My last boss once said to me that "the graveyard is full of indispensable people" and it took a while for that one to sink in. I worked hard and I thought my job was my life and I thought that the business needed me.
But it was JUST a job, not my whole life and I eventually realised, after I took the big step of resigning and moving to France to follow my dream, that I'd been living a lie.
You can't see what a rut you're in until you step out of it.
I used to say to people "I love my job", but what I really loved was the control and power I felt at being good at what I did. I did not ever REALLY enjoy it. Not Ever. I spent my days sat in a box of an office, breathing stale air and never seeing the sun. I just ran from meeting to meeting and drove an hour each way to work every day and drank half a bottle of wine every night to try and relax before I collapsed into bed. All for money and pride.
It just wasn't "me." I couldn't find a way to be "myself" in that job and so I felt I was acting all the time. It wasn't natural and it wasn't healthy for me, so I made a change.
There were 4 things that I experienced over a short period of time that helped me to see the light.
Firstly, I remember seeing a documentary about "Trekkies" (people who are such fans of Star Trek that they dress up as their favourite characters and travel from all over the country to meet up at conventions). There was this one girl who was dressed up as a Klingon; amazing face makeup and costume who, when interviewed, said from behind her mask; "I love coming here. It's the only time I can truly be myself" That really stuck with me. I was a little sorry for her because I wondered what sort of life did she have when the only time she was herself was when she was dressed as an alien? And I was jealous of her, because at least she'd found the thing that she needed to do in life to be free.
Secondly, the stress that I felt in my job was starting to make me ill.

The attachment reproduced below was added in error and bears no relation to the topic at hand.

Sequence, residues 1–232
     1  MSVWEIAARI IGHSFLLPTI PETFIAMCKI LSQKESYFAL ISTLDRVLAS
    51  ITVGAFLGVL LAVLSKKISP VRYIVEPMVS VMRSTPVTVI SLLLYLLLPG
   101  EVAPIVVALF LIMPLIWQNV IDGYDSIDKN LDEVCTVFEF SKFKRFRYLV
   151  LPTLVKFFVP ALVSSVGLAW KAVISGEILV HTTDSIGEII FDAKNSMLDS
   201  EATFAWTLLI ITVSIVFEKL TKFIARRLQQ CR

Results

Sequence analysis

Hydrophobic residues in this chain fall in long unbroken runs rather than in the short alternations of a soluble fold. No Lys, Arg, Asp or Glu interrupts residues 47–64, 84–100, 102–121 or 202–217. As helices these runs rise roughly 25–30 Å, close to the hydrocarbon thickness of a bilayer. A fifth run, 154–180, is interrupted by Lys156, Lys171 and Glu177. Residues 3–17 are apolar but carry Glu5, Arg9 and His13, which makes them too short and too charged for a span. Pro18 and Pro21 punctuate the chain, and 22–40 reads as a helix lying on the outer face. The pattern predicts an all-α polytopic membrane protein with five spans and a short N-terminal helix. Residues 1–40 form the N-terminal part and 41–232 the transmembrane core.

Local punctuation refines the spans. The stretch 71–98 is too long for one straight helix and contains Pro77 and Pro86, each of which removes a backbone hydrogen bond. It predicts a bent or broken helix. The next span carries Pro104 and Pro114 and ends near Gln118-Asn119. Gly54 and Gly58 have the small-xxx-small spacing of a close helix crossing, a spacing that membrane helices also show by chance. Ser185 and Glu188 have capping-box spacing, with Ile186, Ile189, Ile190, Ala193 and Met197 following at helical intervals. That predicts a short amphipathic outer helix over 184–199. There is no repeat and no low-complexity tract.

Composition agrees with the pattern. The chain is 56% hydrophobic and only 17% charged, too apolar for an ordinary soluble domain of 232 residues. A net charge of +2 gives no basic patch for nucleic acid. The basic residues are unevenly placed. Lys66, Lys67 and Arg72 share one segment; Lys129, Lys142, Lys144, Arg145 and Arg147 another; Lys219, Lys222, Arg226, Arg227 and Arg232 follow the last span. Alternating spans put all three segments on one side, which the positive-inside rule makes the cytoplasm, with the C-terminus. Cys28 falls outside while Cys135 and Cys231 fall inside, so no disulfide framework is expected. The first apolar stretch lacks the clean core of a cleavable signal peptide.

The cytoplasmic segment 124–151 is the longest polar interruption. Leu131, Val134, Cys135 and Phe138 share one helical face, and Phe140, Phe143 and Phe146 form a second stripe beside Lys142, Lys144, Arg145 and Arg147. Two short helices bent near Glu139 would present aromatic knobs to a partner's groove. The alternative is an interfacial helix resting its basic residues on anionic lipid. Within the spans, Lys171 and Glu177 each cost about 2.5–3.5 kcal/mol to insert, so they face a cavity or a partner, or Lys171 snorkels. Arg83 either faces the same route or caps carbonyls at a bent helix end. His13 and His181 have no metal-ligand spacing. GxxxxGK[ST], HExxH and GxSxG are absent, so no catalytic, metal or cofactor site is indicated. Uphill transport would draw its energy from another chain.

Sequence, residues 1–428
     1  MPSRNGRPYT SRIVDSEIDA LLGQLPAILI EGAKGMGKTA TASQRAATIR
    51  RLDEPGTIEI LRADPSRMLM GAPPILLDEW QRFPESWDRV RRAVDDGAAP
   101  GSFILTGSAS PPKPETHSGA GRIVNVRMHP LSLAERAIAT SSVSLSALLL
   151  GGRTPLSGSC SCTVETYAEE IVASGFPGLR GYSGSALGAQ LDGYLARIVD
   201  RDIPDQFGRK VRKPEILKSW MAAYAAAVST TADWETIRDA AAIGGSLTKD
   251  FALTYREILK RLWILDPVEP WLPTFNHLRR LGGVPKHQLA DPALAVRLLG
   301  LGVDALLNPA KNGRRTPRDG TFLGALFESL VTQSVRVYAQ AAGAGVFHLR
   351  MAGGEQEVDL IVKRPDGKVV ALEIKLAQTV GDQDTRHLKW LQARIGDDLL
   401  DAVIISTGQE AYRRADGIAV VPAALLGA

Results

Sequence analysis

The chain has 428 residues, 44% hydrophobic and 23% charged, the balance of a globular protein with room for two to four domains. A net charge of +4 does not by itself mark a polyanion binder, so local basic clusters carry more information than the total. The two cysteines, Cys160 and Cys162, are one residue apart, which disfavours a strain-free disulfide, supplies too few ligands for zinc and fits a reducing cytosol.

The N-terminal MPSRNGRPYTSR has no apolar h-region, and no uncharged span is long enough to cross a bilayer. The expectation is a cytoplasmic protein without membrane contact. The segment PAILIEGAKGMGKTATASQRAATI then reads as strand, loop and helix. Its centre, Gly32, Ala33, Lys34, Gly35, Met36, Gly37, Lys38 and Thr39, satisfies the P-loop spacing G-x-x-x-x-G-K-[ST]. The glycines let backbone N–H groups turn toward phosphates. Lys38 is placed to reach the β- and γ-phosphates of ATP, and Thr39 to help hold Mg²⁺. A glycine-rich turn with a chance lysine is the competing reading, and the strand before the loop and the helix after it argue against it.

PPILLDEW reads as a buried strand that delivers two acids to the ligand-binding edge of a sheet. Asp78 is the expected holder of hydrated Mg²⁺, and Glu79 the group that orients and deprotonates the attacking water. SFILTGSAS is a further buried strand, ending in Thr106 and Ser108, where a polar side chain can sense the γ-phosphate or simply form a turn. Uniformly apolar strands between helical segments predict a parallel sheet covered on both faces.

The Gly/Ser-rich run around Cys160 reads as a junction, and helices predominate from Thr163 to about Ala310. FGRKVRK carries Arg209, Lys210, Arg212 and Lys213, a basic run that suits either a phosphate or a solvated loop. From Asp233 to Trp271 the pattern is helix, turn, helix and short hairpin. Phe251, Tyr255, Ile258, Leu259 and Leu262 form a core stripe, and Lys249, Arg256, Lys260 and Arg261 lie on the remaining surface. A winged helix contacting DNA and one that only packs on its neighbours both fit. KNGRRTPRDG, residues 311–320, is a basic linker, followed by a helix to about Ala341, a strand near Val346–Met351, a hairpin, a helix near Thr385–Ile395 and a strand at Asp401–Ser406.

Thirdly I picked up a book at the airport to read on holiday entitled "What should I do with my life?" by Po Bronson. It's a fascinating account of the real-life stories of people who have started over with their lives and followed their dreams. It showed me that it's worth the effort of making a new life, if you're not happy with your life right now. You can go for it and it will work out somehow. I realised that I was putting off living the life I wanted now for some strange twisted logic that I could live later when I'd achieved other goals.
Here's one small example of the crazy way I was living my life back then; I really wanted to cut my long hair short, but I realised I was waiting to do it when I got older because I knew it'd make me look younger. I was that sad. Or crazy. Probably both....
Last but by no means the least (and this is the one that gets most people to start thinking about making the most of their life) someone very close to me died. My lovely Mum.
So I got the wake-up call. That stark reminder that life was too short to be wasting it.
And Steve Jobs said it better than I can:
"Your time is limited, so don't waste it living someone else's life. Don't be trapped by dogma, which is living with the results of other people's thinking. And most important, have the courage to follow your heart and intuition. They somehow already know what you want to become. Everything else is secondary."
So let's say that you've realised that you want to make some changes before it's too late. It's easy to say what you DON'T want to do in life, but what "DO you want to do?
What IS your destiny? What things do you do, that are so absorbing, that you could lose yourself for hours? Can you remember where you buried your dreams? What is your reason for living, your "ikigai"?
What can you do to ensure that when you breathe your last you can say "I have lived a good and contented life. I wouldn't change a thing"?
There are many ways you can try to find out:
But the key thing is to have to courage to just do SOMETHING. Anything to make a start. If it's not right, you need to trust yourself to work it out. You will.
And if the people you care about don't support you, then maybe they don't care about you as much as you think. Or maybe you're being unreasonable. You'll know deep down which it is.......
So, I'm always writing down quotes from films and TV that speak to me. Drives Ron crazy when I pause the film to grab a pen and paper! Here are a couple of my favourite film quotes to end with:
"People die of common sense. One lost moment at a time."
Film remake of "Dorian Gray".
Your energy is only borrowed. One day you have to give it back."
"Happy endings, what's that about? Life's not about endings. It's more a series of moments. I'm still here. My life's not over. Life just goes on and it's up to you to decide if you want to show up."
And here's one from me:
The sky's the limit, but why stop there?
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